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Sunday, July 21, 2024

Moving The Gambia to a higher growth path

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By Sara Janha

For The Gambia to rise, the state must be dismantled. The contention is that if nothing seems to be working then the structures of the state must be dismantled and we start afresh. The author of the post went to posit that dismantling does not mean disorder or break down . In recent history the dismantling of the structures of the state was tried in two countries, China with Mao’s cultural revolution and Kampuchea with Pol Pot and his khemer Rouge party. The Khmer Rouge ruled Cambodia for about 4 years and the result was the death of 2 to 3 million Cambodians, before the country was rescued by Vietnam. The Great Leap Forward and the cultural revolution resulted in many deaths, estimated at 30 million deaths in China , economic activities halted. We can go back in history and cite The French and Russian revolutions for example. Fundamentally changing the structure of the state calls for a revolution which in all the cases turned violent. Maybe upheavals like the ones outlined may not be welcomed in The Gambia but we can as a country transition to a more rapid and sustainable development path. Before exploring this subject further, it should be noted that the early development of the countries that experienced rapid growth in the recent past had one thing in common. South Korea, Taiwan,Singapore, and Vietnam, they were not liberal democracies. Rwanda a country making great strides falls into this category. Tanzania under a dominant governing party and former President John Magufuli pulled itself out of LDC category and it is now ,with its vast resources, on the road to becoming a middle income country. Ethiopia recorded over many years the highest and sustained growth rate in Africa under the powerful Tigre party under Meles. There are many other factors other than the system of government that propelled these countries up the ladder of development. I do not want to elaborate on this subject but it is sufficient to underline that a clear vision, leadership, emphasis on education and skills development and zero tolerance for corruption are factors that helped these countries to move forward . Many of the Asian countries which were dubbed tigers are more homogeneous in their demographic makeup unlike many African countries. Tanzania which has over 100 languages overcome this problem of diversity by successfully  promoting Swahili as national and unifying force. Nyerere a great leader has the foresight and strength again with the support of the dominant governing party to make this a reality.

I may be wrong but it would appear that Gambians value the democratic system we are trying to forge. We may be able to preserve our basic human rights and still move on a higher development path as done by Mauritius, a small country like The Gambia.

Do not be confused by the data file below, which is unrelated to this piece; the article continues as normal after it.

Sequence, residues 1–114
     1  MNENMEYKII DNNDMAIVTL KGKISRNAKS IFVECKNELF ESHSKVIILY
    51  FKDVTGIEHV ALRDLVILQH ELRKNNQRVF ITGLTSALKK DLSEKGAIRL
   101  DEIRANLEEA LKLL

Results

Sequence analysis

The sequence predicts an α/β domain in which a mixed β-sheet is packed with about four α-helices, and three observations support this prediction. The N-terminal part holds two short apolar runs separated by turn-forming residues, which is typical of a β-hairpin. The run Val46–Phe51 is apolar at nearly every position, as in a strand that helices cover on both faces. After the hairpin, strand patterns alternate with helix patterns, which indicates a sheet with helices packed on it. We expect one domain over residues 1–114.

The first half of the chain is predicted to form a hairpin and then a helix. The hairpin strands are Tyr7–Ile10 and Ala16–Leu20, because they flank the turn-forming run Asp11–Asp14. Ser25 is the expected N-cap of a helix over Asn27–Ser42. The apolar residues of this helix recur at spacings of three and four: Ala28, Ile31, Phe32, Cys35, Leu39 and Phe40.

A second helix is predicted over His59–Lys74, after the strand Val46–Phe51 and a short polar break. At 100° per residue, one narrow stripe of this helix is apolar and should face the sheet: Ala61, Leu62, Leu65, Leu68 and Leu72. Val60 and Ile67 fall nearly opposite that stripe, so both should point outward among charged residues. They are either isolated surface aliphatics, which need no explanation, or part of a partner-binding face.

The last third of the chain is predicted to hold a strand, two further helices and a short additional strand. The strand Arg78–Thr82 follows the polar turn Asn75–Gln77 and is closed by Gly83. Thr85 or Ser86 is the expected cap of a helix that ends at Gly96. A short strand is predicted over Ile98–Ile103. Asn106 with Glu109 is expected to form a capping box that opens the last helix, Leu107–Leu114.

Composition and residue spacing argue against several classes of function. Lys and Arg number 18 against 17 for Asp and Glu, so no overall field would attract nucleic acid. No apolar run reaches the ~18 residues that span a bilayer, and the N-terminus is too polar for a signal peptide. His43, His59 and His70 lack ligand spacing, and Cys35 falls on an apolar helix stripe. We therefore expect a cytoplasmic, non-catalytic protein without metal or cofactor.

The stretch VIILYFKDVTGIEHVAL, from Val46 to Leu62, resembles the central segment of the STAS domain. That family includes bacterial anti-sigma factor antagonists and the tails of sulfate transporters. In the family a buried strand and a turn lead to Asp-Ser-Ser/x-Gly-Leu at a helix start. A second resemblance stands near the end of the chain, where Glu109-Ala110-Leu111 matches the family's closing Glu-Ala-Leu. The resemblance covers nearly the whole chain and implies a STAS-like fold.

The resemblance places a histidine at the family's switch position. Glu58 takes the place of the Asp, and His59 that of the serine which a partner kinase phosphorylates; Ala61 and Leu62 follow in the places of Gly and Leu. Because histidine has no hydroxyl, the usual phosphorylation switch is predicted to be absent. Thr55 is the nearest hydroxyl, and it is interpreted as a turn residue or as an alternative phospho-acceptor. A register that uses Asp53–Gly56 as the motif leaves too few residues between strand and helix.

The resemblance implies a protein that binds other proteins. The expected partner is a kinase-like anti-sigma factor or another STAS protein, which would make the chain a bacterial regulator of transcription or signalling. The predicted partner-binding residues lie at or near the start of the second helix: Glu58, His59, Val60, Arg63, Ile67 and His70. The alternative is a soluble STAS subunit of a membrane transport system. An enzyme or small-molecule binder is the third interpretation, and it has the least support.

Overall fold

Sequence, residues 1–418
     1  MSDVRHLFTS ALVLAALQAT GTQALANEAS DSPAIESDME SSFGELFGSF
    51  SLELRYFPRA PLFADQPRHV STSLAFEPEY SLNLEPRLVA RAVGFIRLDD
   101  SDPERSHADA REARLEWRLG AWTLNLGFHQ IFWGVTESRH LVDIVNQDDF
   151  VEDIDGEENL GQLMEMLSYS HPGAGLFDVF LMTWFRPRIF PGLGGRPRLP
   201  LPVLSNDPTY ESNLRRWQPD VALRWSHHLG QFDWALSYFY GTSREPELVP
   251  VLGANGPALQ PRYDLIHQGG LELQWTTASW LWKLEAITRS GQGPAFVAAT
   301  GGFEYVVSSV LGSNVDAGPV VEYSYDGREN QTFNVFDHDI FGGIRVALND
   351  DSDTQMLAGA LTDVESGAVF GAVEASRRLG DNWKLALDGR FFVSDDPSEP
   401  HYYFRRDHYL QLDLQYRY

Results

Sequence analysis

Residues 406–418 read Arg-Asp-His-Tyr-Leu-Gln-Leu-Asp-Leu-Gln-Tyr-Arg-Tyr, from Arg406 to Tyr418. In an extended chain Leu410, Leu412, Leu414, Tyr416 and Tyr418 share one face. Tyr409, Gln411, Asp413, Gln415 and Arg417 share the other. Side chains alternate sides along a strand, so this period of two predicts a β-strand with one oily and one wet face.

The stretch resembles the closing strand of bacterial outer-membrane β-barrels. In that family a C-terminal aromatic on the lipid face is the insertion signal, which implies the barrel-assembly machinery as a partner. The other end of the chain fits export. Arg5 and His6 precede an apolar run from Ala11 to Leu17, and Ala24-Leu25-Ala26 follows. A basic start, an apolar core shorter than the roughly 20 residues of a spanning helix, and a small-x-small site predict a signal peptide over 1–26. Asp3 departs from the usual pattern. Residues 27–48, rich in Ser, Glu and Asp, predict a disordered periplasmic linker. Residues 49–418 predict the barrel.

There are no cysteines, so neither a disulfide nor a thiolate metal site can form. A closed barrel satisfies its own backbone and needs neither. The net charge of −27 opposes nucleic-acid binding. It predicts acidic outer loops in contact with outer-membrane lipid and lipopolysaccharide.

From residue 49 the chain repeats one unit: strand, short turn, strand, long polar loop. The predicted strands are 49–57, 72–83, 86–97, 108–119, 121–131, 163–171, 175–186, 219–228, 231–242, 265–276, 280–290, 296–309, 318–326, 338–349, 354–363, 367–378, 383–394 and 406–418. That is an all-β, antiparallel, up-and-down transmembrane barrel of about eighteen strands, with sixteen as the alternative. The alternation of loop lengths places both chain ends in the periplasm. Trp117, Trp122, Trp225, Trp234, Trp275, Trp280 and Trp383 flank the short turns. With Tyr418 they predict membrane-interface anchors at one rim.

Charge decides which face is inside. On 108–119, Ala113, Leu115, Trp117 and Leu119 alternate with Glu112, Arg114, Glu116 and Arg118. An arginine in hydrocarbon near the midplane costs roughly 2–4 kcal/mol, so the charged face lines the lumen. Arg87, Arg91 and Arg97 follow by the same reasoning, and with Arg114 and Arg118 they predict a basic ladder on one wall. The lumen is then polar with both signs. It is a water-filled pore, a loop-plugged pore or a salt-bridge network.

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The Gambia is a small country with a poor natural resources base. Nonetheless we have land, sea, river and its tributaries, underground water and above all people, a critical mass of highly educated and skilled people. The Gambia has done well over the years and has improved tremendously access to education, health and clean water , and the provision of energy, roads and transport as well as connectivity(the data to support this statement is available). But a big gap still remains . We have scored high marks in meeting many of the goals set by the sustained development programme such as the lowering of the infant mortality rate and a drop in maternal mortality rates ,increasing access to education at all levels etc. However the poverty rate in The Gambia is still stubbornly high established at 53%  and youth unemployment is a big challenge. We are plodding along but the country now requires to move a little faster on the development path. A growth rate of 4 to 5 percent matched by a total fertility rate of about 5 percent would not have the desired impact . If we want for example to double the gdp and per capita income, we must achieve much higher growth rates ranging from 7-10% per annum for a sustained period of time (8-12 years), on the basis of the rule of thumb formula 70/growth rate. If the net growth rate is 5%, The Gambia would double its gdp in 12 years. It is a big challenge and calls for sacrifices which Gambians may endure if led by a capable and transparent government with very low tolerance for corruption.

First , we must address very quickly and comprehensively the political situation in the country. We need to bring on board a new constitution and the political parties have to play a pivotal role in in shaping this document. I have some unconventional views with respect to the new constitution, but my opinion on this subject does not matter.

We must ensure that the government white paper on the TRRC recommendations  is quickly and firmly implemented and pay fair compensation to the victims of the Jammeh’s rule. We need to bring closure to this unfortunate era and move on.

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One area though that needs further thought is devolution of authority and responsibility to the local government authorities. The responsibility for basic education, primary health and local road building and maintenance should be devolved to the local authorities, supported by subventions to match or given more scope to tax to support these services. The effect of a  deeper devolution would change the role of the Central government vis a vis the regions. Accountability at the local level is more easy to achieve and monitor. The central government would have more time to devote to its core functions of macro economic management, security and defence, planning, organising, leading and monitoring developments at the local level. The size of the cabinet could be reduced by 50% if the regions are allowed greater scope in the management of their own space.